The majority of patients with type 2 diabetes mellitus require oral antidiabetic drugs (OADs) in addition to lifestyle intervention. Recent systematic reviews and meta-analyses1,2, which analyzed data mainly obtained from randomized control trials (RCTs), showed similar drug efficacy and reduction in HbA1c levels by an average of 1 percentage point (1%) across most of the diabetes medications.

Evidence-based medicine is classified according to “grades of evidence” built into the research design3. The highest grade is reserved for research involving “at least one properly randomized controlled trial,” whereas observational studies fall within the intermediate grades4. Recent reviews showed that findings from RCTs and observational studies were similar across several clinical topics, indicating that evidence from both study types can and should be used to find the optimal treatment regimen5,6. However, results obtained from cohort studies are liable to be more affected by biases and confounding baseline factors that might influence treatment selection. One approach to reduce or eliminate the effect of treatment selection bias and confounding effects is the use of the propensity score matching method 9,10

To more robustly examine the relationship between the efficacy of three widely used OADs, metformin (Met), dipeptidyl peptidase-4 inhibitor (DPP-4i) and sulfonylurea (SU), and the patients’ clinical features, we used the CoDiC database collected from 67 institutions across Japan (Fig.1)7,8, analyzed cohort study results that were stratified according to a specific clinical feature and then matched by the propensity score matching method.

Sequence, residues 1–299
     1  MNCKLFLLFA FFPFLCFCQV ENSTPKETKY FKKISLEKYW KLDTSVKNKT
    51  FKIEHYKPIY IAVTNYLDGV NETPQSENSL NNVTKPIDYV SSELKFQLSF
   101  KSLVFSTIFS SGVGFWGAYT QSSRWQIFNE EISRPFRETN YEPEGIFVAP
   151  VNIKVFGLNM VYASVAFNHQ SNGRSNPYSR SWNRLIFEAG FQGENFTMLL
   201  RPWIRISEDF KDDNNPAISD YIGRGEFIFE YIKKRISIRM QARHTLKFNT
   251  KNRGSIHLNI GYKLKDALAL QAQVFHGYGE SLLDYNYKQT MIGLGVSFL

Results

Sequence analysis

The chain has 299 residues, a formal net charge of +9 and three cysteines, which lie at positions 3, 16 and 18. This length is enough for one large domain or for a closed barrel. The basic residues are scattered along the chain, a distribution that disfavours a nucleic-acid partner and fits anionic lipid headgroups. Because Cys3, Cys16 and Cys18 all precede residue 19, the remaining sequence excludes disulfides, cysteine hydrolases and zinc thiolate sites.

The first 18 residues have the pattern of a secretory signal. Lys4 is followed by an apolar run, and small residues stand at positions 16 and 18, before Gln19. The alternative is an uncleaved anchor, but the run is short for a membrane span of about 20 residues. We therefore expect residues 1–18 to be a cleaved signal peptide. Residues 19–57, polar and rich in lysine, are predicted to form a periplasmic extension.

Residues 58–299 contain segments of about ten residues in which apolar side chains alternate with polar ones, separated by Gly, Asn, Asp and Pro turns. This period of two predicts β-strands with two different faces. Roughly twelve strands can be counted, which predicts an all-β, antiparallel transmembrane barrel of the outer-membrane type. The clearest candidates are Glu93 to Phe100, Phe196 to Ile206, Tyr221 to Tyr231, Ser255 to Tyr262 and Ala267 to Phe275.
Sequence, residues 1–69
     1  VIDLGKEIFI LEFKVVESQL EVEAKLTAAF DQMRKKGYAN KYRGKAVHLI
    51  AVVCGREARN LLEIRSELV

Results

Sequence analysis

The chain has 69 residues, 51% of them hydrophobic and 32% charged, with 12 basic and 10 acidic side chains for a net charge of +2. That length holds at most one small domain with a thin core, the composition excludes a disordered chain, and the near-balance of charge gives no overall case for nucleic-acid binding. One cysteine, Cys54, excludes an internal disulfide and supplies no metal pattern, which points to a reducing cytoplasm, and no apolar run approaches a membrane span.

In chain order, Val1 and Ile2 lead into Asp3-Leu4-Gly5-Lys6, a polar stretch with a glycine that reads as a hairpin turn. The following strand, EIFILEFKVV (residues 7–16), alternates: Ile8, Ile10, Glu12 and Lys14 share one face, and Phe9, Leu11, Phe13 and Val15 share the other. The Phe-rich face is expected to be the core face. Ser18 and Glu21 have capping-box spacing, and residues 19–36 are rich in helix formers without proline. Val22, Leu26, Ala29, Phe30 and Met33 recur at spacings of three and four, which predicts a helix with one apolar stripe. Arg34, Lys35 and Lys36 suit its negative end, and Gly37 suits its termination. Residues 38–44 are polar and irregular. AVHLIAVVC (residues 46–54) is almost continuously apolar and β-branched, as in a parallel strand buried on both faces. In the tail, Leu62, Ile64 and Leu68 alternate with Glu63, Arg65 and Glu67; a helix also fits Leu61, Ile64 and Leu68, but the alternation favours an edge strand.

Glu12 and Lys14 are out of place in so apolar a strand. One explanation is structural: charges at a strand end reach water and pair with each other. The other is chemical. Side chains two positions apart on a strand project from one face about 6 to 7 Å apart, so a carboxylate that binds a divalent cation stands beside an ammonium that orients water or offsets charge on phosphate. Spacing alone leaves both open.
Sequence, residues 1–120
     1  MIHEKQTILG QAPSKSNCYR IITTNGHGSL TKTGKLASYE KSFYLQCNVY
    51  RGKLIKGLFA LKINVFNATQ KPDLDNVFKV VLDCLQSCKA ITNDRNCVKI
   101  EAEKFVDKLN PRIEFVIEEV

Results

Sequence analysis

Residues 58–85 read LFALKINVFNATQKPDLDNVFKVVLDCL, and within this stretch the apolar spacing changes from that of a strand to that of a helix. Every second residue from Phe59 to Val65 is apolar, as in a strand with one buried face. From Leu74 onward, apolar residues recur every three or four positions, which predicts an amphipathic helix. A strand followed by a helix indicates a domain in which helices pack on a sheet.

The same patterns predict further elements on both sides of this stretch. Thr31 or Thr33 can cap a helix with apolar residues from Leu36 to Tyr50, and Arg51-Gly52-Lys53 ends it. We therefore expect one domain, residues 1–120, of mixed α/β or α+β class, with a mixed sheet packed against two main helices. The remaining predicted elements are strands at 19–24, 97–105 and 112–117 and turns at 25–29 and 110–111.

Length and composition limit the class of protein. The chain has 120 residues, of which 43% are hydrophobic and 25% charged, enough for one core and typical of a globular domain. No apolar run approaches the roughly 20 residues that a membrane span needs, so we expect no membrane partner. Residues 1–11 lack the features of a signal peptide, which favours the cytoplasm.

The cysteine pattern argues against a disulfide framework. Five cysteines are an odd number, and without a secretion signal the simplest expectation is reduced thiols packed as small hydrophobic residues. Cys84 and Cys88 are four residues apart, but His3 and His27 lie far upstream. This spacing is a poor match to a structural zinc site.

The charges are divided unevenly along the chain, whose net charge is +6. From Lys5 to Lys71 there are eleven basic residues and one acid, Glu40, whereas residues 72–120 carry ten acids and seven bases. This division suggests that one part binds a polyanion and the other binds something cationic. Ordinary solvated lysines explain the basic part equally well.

fig-1-kanatsuka

Fig.1 In 2001, the Japan Diabetes Clinical Data Management Study Group (JDDM) was established to promote clinical research into diabetes in Japan7,8. Patient clinical data from Japanese healthcare institutes specializing in diabetes were collated in the CoDiC database, which is a diabetes data collection and management information system developed by the JDDM.

 

In the 3,943 drug-naive patients, Met, DPP-4i, and SU were prescribed in 1793, 877 and 1273 patients, respectively, from May 2007 to July 2012. BMI at the start of drug was higher on Met, and HbA1c was higher on SU. In 1,323 cases matched by propensity scoring for the following characteristics: age, age-of-onset, duration of diabetes, BMI, BP, PPPG, HbA1c and lipids, there were no differences in most variables. HbA1c levels were not different among drugs at the time of initiation, but subsequently, the reduction in HbA1c was largest on DPP-4i and lower on SU.